Nov 10th, 2021, 04:50 PM

How Carbon Capturing Garments are Shaping Sustainability in Fashion

By Michelle Doyle
Image Credit: Unsplash
Developments in bio-materials present wearable solutions for climate change.

Scientists, bio-engineers and clothing designers are merging their disciplines to develop alternative and wearable solutions to meet the challenges of climate change.

The field of bio-material design is making waves across these communities as the next frontier in the future of sustainable development within fashion. The ability of biological living fabrics to absorb carbon is showing promise for a new future of fashion and climate change. The design and scalability of these textiles are only in their experimental phases right now, but in the years to come we could see them enter the mass market. 

One promising approach that designers and scientists have been experimenting with is making clothes with algae, which are photosynthetic aquatic plants that have the capability to absorb carbon from the air. The integration of algae with textiles can make the composition of a garment carbon negative. Because the use of algae in clothing is still in the early development stages, it all sounds like a bit of a science experiment. Designers are just learning how it reacts to living on fabric. For example, algae needs light, carbon dioxide, and ventilation, so ideally it shouldn’t be kept in a closet all of the time. Algae can also be harmed by washing machines, meaning it will have to be hand washed. These are some of the design challenges designers are working with integrating living organisms into clothing.

Image credit: Marius Badstuber / Unsplash



Labs, designers and biotech companies around the world are working on the application and scalability of algae within textiles. The Materials Experience Lab, a research group with facilities across Europe, including Italy and the Netherlands, focuses on designing with materials from a scientific and experiential angle. In 2019 they launched a collaboration with Biogarmentry, a biofabricated textile created by designer Roya Aghighi and a group of scientists at the University of British Columbia. As a living textile, it has the ability to photosynthesize, which means it can purify the air around it, and is completely bio-degradable. 

Image credit: Matthias Heyde / Unsplash



Biotech companies are also key players in this space, and working towards creating scalable solution for algae based fibers and dyes such as Israel and Berlin-based biotech company Algaeing. Another Israel-based biotech company Algatech has developed a process for creating fibers and dyes from algae beginning with a focus on growing the algae sustainability within a closed loop system powered by solar energy and the use of saltwater as opposed to freshwater.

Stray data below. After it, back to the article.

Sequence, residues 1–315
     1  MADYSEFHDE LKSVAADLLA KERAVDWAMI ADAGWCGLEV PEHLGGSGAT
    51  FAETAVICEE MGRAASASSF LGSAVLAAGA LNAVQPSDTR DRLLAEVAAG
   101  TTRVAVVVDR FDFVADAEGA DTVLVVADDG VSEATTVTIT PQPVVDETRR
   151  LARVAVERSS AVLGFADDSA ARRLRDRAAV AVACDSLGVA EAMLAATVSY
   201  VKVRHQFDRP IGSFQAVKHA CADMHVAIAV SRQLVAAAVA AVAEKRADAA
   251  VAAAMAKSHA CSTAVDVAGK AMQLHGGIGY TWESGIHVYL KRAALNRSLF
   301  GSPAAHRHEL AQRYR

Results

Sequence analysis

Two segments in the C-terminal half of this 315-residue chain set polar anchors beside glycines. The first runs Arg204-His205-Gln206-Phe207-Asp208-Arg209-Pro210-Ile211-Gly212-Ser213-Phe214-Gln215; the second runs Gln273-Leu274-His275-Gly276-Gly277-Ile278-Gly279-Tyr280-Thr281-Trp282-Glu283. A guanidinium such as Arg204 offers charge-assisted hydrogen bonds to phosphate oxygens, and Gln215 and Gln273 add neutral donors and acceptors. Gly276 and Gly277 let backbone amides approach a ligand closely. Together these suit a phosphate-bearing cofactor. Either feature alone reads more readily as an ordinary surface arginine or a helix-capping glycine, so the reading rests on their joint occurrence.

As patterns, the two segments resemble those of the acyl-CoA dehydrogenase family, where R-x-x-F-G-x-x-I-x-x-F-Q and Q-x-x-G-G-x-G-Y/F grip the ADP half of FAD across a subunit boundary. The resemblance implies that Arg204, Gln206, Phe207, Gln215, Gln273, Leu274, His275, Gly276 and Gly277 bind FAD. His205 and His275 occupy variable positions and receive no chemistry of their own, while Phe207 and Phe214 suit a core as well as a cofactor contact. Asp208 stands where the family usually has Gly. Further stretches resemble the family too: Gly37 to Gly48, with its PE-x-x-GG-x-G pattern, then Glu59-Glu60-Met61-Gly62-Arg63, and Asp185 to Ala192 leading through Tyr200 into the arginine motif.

In addition to algae, other methods for capturing carbon with fabrics are also being explored. The Hong Kong Research Institute of Textiles and Apparel (HKRITA), discovered a way to treat cellulose based fibers using chemistry. This two step reaction begins with a TEMPO mediated oxidation of cellulosic yarns, followed by reaction of the carboxyl groups with amine containing molecules. Then the yarns are then rinsed and can be used to create textiles. 

Ultimately, if these textiles and scaled for use in everyday life, like algae based fibers, they can also contribute to the reduction of carbon dioxide levels in the environment. HKRITA claims that existing textile processing machinery can be used to manufacture garments from these yarns, which will contribute to scalability. The website says that these textile yarns are able to absorb approximately 17-44 grams of CO2 per kilogram. 

Image credit: Mikhail Nilov / Unsplash



The possibility and interest in textile transformation for climate change is growing, and this means completely new areas for development within science, fashion and technology.  Diversity of potential in the development of climate positive fabrics. Public acceptance and consumption habits will also play a role in the adoption and spread of alternative fabrics, but with a growing interest in sustainability and the urgency of climate change, climate positive fabrics are right on time to realize their full potential.

The next step in this process is scalability, which will be the tipping point for a shift the paradigm of not just how we wear clothing but why. The sustainable movement within fashion is already asking us how we can change our consumption habits to contribute to a more environmentally and socially conscious fashion system, the next phase will incorporate how we choose garments that have the biological capability to do the same.